Mirziyoev seems keen to build ties with people. He recently initiated a virtual reception website for the people to address their queries and concerns directly to his office, visited the Sergeli district of Tashkent to get acquainted with the current construction works, preparations of housing and social facilities for the autumn-winter period and made a working trip to Syrdarya region to get acquainted with the economic reforms and large-scale works in the industrial, agricultural and social sphere. These efforts may be a part of his official responsibility profile as the president, though interim, but also reflect an intent on his part to build a social perception which reflects positively on the results of the December elections. Mirziyoev is, however, considered to be a Kremlin ally, particularly because of family ties with Alisher Usmanov, the Russian-Uzbek oligarch. This is a card which is most likely to play in his favour.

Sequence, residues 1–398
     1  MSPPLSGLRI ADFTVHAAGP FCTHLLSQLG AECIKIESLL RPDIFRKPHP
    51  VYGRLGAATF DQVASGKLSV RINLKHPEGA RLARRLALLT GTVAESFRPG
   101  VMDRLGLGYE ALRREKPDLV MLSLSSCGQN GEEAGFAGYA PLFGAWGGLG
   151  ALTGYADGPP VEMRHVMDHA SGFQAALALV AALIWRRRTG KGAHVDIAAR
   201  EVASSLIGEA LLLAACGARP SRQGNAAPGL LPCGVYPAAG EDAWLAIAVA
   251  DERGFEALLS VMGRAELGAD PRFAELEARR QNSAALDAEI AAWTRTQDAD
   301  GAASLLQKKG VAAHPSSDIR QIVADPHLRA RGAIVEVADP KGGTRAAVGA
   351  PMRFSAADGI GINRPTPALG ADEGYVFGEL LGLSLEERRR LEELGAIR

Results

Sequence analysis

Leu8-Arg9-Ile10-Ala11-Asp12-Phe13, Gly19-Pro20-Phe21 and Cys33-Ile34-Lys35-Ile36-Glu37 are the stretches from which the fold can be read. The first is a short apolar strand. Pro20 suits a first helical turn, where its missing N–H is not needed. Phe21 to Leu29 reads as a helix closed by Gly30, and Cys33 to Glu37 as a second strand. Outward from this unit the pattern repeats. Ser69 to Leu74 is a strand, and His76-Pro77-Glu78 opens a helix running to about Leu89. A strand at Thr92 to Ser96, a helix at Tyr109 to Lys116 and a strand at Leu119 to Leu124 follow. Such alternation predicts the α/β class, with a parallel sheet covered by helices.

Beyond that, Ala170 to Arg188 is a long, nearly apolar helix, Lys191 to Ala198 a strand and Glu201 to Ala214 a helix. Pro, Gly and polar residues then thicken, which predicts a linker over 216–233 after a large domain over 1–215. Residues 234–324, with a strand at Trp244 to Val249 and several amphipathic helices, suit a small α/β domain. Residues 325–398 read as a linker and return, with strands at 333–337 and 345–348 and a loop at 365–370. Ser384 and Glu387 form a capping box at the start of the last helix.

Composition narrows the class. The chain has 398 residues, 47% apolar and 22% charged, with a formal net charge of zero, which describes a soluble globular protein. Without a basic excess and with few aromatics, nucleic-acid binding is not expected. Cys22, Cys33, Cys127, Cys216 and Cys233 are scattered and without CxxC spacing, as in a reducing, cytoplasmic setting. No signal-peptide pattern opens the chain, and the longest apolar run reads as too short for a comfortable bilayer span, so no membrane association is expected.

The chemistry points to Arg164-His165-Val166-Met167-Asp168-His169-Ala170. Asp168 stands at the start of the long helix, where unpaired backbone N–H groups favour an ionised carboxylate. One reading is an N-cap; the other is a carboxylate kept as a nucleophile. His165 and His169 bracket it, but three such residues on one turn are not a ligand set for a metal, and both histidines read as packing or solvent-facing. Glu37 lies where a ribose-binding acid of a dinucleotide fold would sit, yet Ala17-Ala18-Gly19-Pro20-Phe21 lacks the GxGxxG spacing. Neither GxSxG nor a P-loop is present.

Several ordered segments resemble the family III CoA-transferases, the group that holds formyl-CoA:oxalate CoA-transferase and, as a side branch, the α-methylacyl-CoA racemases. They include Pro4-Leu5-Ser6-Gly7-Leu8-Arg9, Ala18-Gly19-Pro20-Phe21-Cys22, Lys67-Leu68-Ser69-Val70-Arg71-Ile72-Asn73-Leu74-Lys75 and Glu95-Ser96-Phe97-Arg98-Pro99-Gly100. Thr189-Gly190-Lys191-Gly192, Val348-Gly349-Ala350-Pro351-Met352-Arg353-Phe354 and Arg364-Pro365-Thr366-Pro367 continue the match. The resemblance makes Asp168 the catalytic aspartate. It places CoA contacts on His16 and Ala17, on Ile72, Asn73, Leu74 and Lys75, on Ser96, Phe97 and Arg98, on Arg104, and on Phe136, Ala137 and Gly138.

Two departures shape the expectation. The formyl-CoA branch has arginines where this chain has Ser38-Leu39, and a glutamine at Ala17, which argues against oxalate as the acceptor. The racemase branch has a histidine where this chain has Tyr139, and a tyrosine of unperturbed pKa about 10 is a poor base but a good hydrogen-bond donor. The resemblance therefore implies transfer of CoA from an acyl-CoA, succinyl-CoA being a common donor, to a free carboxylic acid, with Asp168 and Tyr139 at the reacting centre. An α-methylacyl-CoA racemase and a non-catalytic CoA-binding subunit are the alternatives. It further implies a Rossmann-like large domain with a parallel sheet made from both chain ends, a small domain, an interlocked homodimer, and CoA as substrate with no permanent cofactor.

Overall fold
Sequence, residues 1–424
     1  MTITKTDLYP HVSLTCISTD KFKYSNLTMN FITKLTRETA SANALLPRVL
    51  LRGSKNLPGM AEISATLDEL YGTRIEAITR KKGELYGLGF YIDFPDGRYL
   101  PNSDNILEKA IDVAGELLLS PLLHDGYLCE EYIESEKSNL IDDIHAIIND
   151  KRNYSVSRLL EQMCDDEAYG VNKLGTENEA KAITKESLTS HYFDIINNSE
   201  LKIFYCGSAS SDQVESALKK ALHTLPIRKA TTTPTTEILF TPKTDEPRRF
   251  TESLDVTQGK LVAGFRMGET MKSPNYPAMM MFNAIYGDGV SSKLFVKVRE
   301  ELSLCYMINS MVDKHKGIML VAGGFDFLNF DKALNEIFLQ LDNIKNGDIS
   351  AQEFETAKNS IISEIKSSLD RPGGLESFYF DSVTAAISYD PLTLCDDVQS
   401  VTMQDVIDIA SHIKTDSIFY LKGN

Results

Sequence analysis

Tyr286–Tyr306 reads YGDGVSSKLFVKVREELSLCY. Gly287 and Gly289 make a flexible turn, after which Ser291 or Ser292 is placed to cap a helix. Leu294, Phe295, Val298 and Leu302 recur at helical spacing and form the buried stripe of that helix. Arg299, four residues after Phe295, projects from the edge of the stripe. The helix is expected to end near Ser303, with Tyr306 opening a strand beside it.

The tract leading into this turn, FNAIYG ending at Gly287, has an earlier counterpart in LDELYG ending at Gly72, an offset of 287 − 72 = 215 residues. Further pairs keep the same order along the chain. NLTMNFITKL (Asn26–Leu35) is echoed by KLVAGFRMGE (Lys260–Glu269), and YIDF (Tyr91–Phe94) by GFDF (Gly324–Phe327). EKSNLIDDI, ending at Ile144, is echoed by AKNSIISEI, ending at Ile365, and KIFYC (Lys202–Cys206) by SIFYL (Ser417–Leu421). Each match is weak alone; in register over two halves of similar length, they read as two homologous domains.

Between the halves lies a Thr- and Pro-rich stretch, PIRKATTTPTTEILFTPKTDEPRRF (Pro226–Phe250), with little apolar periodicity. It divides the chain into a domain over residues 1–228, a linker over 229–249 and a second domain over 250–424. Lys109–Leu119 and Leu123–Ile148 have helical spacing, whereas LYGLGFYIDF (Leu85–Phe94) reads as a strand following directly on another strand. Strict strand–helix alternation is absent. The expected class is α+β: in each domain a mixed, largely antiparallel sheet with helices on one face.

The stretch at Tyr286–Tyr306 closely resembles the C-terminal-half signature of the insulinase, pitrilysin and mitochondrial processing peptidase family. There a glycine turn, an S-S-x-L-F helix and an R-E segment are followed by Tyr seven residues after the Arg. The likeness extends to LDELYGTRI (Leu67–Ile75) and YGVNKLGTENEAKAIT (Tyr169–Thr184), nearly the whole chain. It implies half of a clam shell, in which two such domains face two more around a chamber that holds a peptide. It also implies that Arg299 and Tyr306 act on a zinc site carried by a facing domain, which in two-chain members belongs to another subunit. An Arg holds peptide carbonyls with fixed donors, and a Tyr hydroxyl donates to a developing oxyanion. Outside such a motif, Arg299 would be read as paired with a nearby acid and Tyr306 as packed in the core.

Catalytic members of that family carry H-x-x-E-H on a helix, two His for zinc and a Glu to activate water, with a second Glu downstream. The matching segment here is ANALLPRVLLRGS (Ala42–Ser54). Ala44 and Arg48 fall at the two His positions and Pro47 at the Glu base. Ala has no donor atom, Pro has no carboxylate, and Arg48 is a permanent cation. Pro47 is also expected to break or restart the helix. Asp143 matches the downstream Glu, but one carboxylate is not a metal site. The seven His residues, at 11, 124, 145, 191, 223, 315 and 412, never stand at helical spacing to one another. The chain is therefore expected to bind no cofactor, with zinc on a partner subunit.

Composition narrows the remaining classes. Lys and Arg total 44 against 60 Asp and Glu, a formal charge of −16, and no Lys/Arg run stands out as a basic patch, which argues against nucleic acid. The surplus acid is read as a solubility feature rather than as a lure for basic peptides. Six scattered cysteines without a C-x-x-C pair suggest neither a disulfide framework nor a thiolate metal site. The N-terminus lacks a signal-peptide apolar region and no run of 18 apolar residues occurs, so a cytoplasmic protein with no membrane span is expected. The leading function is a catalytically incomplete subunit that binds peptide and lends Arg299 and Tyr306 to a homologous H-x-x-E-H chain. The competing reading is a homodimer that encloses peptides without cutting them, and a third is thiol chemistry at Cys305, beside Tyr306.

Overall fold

As far as the nature of the ‘elected’ government is concerned, the jury is out. It is predicted to be a managed succession. Those responsible for navigating the course through these unchartered waters are plotting for continuity. According to Luca Anceschi, a Central Asia expert at the University of Glasgow, “It will be a leadership change, but not really a regime change.” And no matter who comes to power, voices which call for the establishment of at least the fundamentals of democratic governance are bound to lose. Karimov may have built his fort of power through policies which have been essentially unique, deemed questionable by some. A change from this scenario is unlikely. Unavoidable factors in the region have birthed demons who would give in to any opportunity to gain political power. And managing them through any means other than the existing policies of stifling political competition would be hard. The system which has been carefully built by the Soviet-styled intelligence network of the state is bound to eliminate any opponent – real or perceived – to the regime.